Polymorphism with Golang Interfaces
Polymorphism with Golang Interfaces…
Interfaces in Golang works in a completely different way as compared to Interfaces in other server-side languages. This document will be guiding you with the use cases and scenarios for Golang Interfaces. Before getting in the depth of the Interfaces in Golang, let's start with basic concepts first. Interfaces in Golang provides a list of Function Signatures that are required to be implemented by any “struct” in order to work with specified Interfaces. Let's see what we mean by the above statement below.
If you are new to Golang, probably you need to give the reading to the following article before you start with this one…
Features of Interfaces:
- Interfaces define the functional contract
- Interfaces are Types in Golang
Let's define a simple Interface for an Employee…
In the above code, we are adding 2 functions to the “Employee” interface (“GetDetails” and “GetEmployeeSalary”), any struct/type that needs to work with the “Employee” Interface, should contain these function specified as Interface Contract, in order to use the benefits of Interface.
We will be now defining a new type “Manager” implementing these contract functions so that it can take benefits of “Employee” Interface.
In the code above, we now have a “type” defined which fulfils the contract specified by “Employee” Interface. Now let's look further to see the benefits offered by Interface while working with these newly defined types.
Interfaces Are “Types” in Golang
Interfaces can be used as “types” in Golang, which mean that we can create variables of type “interface” and any struct that fulfils the functional contract of the Interface can be assigned to this “interface” variable.
Once we have any type declared like “Manager” that contains all the functional requirement for the “Employee” Interface contract, we can then create their objects and can assign them to the “interface” variable. Let's see this with an example…
In the above code following things need to be observed:
- We created an Object for struct of type “Manager”
- “Manager” Struct contains all functions required for “Employee” Interface
- Variable of type “Employee” is created
- Manager Object is assigned to the “employeeInterface” variable.
- “employeeInterface” can then be used to invoke functions that belong to Interface of type “Employee”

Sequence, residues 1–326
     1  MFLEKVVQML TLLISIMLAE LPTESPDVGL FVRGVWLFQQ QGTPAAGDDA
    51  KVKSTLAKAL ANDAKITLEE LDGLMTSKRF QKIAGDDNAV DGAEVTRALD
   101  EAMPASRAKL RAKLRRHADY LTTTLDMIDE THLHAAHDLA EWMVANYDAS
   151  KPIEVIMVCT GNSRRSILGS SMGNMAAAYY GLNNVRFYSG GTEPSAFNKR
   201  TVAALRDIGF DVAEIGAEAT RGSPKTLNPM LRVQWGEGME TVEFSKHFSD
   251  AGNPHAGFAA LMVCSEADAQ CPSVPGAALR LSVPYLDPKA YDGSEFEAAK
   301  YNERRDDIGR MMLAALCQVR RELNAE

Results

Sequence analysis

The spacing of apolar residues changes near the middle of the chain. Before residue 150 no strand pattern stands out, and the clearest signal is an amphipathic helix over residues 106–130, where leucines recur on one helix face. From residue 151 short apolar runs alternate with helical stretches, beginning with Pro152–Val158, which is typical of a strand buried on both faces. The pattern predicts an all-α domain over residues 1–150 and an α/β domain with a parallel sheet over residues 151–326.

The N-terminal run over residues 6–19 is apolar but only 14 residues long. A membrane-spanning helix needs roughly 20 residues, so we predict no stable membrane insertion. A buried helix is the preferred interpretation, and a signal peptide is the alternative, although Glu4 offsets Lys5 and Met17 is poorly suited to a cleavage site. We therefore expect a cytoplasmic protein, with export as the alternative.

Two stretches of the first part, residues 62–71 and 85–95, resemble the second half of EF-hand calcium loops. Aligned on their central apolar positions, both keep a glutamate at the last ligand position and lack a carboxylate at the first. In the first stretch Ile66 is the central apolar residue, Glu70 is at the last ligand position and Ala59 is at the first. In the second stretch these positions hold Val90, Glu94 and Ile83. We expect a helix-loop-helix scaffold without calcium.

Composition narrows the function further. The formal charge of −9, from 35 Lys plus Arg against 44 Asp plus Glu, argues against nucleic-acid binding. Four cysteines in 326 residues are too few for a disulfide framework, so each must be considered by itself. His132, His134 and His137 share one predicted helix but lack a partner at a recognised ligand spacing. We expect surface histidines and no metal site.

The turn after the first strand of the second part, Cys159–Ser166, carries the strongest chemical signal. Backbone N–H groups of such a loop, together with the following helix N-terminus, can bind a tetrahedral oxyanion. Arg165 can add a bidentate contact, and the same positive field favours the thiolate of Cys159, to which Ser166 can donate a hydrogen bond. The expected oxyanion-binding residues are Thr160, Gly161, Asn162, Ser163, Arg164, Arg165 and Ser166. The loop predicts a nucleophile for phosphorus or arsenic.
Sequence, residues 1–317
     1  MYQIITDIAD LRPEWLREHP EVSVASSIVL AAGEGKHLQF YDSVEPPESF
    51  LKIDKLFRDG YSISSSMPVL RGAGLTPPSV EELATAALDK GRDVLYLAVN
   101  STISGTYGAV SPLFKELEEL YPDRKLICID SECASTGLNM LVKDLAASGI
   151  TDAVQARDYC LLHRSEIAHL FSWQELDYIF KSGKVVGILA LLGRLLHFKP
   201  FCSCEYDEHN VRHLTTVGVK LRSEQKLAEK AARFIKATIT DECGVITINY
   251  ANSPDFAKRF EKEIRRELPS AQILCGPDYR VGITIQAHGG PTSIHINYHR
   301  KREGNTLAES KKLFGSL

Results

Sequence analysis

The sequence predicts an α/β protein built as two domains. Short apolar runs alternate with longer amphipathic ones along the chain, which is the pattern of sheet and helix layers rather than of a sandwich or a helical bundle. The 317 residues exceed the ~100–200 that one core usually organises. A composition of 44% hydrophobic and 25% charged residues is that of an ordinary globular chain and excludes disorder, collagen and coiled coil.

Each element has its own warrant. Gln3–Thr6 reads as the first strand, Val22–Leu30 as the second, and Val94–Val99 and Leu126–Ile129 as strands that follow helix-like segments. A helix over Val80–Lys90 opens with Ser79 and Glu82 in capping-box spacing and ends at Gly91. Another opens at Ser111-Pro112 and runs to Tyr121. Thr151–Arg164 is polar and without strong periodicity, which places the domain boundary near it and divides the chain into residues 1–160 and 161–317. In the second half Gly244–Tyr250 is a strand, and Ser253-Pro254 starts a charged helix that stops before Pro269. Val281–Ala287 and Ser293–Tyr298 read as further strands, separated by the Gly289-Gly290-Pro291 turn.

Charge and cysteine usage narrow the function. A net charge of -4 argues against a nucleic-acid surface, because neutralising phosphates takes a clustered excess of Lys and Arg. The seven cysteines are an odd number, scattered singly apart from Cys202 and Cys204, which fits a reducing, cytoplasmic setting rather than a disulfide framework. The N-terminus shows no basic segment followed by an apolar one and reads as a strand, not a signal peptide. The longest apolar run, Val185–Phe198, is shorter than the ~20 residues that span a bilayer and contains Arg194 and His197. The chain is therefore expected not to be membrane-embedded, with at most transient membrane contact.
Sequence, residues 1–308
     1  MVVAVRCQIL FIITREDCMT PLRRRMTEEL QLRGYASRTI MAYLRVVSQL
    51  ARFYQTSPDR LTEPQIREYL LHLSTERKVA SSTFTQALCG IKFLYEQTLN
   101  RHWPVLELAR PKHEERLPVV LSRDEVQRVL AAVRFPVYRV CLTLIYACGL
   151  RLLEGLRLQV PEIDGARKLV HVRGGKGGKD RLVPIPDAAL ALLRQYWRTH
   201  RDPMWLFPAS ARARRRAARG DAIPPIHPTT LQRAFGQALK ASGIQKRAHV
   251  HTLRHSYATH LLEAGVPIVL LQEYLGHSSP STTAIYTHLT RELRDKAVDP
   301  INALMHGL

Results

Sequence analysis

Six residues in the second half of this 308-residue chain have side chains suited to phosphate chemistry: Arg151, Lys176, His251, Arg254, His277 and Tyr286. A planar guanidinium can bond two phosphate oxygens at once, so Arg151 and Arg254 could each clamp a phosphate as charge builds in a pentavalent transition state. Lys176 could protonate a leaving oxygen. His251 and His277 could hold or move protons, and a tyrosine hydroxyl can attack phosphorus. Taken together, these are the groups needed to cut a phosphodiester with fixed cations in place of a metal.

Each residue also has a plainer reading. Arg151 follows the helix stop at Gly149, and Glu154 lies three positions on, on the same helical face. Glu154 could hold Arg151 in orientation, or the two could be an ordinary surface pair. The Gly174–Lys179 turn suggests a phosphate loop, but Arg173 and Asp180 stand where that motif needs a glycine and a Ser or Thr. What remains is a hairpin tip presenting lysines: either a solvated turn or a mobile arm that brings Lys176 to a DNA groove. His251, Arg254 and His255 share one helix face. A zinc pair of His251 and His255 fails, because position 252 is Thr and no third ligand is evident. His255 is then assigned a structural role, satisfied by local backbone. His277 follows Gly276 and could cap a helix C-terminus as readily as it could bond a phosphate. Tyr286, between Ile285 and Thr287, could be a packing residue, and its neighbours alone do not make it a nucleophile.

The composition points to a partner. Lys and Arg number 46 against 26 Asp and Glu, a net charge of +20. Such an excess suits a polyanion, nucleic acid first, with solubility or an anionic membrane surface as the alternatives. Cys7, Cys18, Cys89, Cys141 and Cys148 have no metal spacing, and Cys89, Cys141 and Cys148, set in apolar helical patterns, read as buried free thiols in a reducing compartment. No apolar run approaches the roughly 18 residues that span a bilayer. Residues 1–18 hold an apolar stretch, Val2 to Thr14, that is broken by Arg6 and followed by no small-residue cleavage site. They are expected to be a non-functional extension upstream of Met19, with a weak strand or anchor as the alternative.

In the above code, we can see that we created a variable of Interface type and any “Struct” that contains all the functions specified in the Interface contract can be assigned to it. Therefore we were able to assign an Object of type Manager to the Interface of type “Employee”.
Interfaces in Golang are Different…
This feature is quite distinct from the implementation of Interface in any other Server Language. The major takeaways from the above code are:
- The interfaces can be used as types in Golang
- An object having all Interface functions, can be assigned to Interface variable
Let's write the entire scenario in totality...
Polymorphism With Golang Interfaces…
Since we can create a variable of type “interface” and assign “struct” object to it, it provides further added advantage of assigning an object of different types to an interface which fulfils the functional contract and invokes the function from it and hence enabling the feature of Polymorphism.
Let's implement another “struct” type that contains all the functions that are required by Employee Interface. We will be creating a new Type “Lead” that would implement all the functions that are required by the Employee Interface. Since it contains all the functions mentioned in the Interface Contract, we can assign the object to interface variables.
In the above code, we can see that we can assign either object of Lead Type or Manager Type to the interface variable and hence serving as a common interface to invoke the same function belonging to different types and hence ensuring Polymorphism.
Using Interfaces as Function Parameters
The Interface can be added as a parameter to the function. In case it is added as a parameter to the function, the parameter can take any Object as input which satisfies the interface contract and can be then used to invoke functions from it. This is a form of Runtime Polymorphism where the same variable can be used to invoke the function from different Object Types.
Let see this with the help of an example:
Since both the Object Type implements the function belonging to the Interface, they can be passed to any function expecting Interface as Input Parameter.
Using Interfaces as Types in Structs
While defining the new Data type, we can use “Interface” as property type, in case the property type is defined as an interface, any Struct implementing the function contract can be assigned to that property.
Let's see with Simple Examples:
In the above example, we can see that the “Person” struct contains a property “user” of Interface type “Employee”. Let's try assigning different structs “Lead” and “Manager” to the property “user”
The above case uses an Interface as a “struct” property type.
As we saw in the article above, interface behaves is a quite different manner as compared to its working in other languages. I hope you enjoyed the article.
Other Articles from the same Author: